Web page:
Benghazi elicits tense rhetoric on the Sunday shows

Reps. Michele Bachmann (R-Minn.) and Debbie Wasserman Schultz (D-Fla.) traded barbs about the new House select committee investigating the September 2012 Benghazi attacks on CNN's "State of the Union" this morning.

Rep. Trey Gowdy (R-S.C.) will lead the House committee investigating the 2012 attack on the U.S. consulate in Benghazi. Here are some of Gowdy's most memorable comments on the aftermath of the attack. (Jackie Kucinich/The Washington Post)

 

"They are clearly doing this to drive their turnout," Wasserman Schultz told host Candy Crowley. To which Bachmann responded, "That is not true at all."

"Excuse me, Michele," Wasserman Schultz added. "I didn't interrupt you, so I'd appreciate it if you not interrupt me."

Bachmann later defended the committee. "What this committee is doing is taking a very careful look at a very deliberate pace to go through depositions of people on the ground to find out the truth of what's happened," she said. "We need to get answers. This cannot be politicized."

The conversation continued to get more heated, and Crowley joked that next time she would have them both come to the studio so she could better control the panel.

Wasserman Schultz discussed Benghazi on CNN this Friday, as well. She told "New Day" host Chris Cuomo, "This is 100 percent pure politics. They don't have the ACA [Affordable Care Act] that's ginning up their base anymore. They tried to latch on to Cliven Bundy, and that blew up in their face. And now they have to go back to Benghazi, which has been, even by their own leader's admission, even by Speaker Boehner and Buck McKeon, the chairman of the Armed Services Committee's admission, they've exhausted multiple witness, multiple times, 25,000 pages of documents."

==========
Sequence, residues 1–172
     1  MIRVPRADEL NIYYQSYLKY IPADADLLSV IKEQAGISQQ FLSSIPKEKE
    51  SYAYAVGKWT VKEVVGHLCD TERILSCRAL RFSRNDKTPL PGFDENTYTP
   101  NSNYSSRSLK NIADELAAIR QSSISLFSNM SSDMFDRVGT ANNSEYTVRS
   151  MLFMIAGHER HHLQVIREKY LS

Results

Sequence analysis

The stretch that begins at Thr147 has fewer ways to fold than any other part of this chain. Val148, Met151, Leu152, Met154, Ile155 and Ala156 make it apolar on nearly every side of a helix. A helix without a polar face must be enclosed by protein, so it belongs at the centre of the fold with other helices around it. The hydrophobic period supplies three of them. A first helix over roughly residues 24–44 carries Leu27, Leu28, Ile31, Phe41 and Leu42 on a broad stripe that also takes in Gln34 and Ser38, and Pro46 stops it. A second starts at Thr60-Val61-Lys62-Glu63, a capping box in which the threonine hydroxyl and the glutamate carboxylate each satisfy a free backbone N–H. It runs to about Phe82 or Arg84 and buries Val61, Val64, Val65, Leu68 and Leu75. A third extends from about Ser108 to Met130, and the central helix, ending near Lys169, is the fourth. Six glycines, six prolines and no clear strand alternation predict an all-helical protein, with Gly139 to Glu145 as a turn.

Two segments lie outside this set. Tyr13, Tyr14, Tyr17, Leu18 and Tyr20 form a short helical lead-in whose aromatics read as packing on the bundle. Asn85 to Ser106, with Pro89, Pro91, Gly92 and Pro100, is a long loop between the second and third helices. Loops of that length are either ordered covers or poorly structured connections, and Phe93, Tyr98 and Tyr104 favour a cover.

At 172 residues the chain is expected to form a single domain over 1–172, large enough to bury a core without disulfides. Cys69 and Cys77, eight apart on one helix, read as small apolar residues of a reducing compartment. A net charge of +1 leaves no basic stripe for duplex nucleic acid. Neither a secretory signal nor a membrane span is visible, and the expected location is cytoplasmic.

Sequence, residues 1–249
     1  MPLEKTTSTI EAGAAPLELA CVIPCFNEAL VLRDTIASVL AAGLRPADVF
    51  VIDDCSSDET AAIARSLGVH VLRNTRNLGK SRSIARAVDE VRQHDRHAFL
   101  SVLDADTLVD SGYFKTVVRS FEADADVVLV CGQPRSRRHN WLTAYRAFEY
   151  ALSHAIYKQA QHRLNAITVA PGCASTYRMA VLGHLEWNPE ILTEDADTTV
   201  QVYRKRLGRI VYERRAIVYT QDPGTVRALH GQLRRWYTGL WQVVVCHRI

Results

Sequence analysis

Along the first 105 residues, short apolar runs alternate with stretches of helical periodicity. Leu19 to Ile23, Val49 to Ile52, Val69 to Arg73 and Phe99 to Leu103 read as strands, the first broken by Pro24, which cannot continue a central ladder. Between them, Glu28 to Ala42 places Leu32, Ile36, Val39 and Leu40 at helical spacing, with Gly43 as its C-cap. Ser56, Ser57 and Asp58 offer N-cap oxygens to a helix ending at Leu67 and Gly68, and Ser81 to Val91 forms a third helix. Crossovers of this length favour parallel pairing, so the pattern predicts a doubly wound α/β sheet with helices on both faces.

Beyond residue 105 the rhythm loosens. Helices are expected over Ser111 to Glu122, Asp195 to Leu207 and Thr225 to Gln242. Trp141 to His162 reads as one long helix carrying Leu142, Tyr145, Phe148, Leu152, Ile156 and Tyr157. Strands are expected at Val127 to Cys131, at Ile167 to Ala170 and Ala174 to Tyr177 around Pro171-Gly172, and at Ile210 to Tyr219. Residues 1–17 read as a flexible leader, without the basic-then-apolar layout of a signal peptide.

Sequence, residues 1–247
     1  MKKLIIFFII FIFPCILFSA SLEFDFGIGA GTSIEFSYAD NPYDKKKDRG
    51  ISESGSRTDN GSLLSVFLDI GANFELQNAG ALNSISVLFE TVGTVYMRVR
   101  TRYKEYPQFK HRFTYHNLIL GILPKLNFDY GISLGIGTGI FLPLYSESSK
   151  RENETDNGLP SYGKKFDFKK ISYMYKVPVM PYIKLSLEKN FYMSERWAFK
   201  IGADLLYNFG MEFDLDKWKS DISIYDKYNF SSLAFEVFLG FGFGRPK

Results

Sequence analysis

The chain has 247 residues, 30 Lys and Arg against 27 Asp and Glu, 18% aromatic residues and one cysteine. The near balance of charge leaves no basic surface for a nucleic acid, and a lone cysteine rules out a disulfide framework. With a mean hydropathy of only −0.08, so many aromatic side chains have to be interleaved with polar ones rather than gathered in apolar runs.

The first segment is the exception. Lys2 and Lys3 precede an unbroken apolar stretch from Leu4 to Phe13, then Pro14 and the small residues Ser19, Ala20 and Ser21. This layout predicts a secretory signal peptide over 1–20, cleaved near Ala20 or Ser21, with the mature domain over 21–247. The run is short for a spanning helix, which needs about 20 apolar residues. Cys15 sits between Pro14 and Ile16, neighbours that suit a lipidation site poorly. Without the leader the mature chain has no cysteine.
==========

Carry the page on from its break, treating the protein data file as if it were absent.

On "Fox News Sunday," the select committee's chairman, Rep. Trey Gowdy (R-S.C.) also discussed the politics of Benghazi. The National Republican Congressional Committee sent out fundraising appeals off of the new Benghazi investigations last week. Gowdy said he thought the appeals were a bad idea, but he told Fox host Chris Wallace today, “It would be helpful if our colleagues on the other side of the aisle did not have selective amnesia when it comes to what’s appropriate to raise money off of and what’s not."

He continued, “They raised money on Sandy Hook, they raised money on Katrina, they raised money on Iraq and Afghanistan."

Gowdy also told Wallace that he mischaracterized the select committee's work when he called it a trial last week.

"For 16 years I spoke in trial metaphors, and perhaps I need to get out of that habit. What I simply meant is, when you ask me how long something is going to last, I need to know how cooperative the other side is going to be. So to the extent that I gave any indication to anyone that I view someone as the defense, what I meant by that is, if you can tell me how cooperative the other side is going to be, I can give you a better idea of how long something is going to last."

He also said that he wants Democrats to not only cooperate, but also feel that they are part of a factual and bias-free process.

“I want a process, Chris, that at the end of it, you are welcome to draw different conclusions from the facts. But I want everyone to say it was fair, it was exhaustive and we know more than we did when it started.

He added, “I have said from Day One, I want this to transcend politics, and I want it to inspire trust.”

Republicans announced Friday the seven representatives from their party who will serve on the committee. There are five slots for Democrats. Wasserman Schultz and Rep. Nancy Pelosi (D.-Calif.) strongly pushed for equal representation on the committee last week.

Sen. Marco Rubio (R-Fla.) also discussed Benghazi on the Sunday shows, saying that former secretary of State Hillary Rodham Clinton should be judged for the attacks if she decides to campaign in the 2016 presidential election.

“I’m sure she’s going to go out bragging about her time in the State Department," Rubio said. "She’s also going to have to be held accountable for its failures, whether it’s the failed reset with Russia or the failure in Benghazi that actually cost lives."

Jaime Fuller reports on national politics for "The Fix" and Post Politics. She worked previously as an associate editor at the American Prospect, a political magazine based in Washington, D.C.
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Jaime Fuller · May 11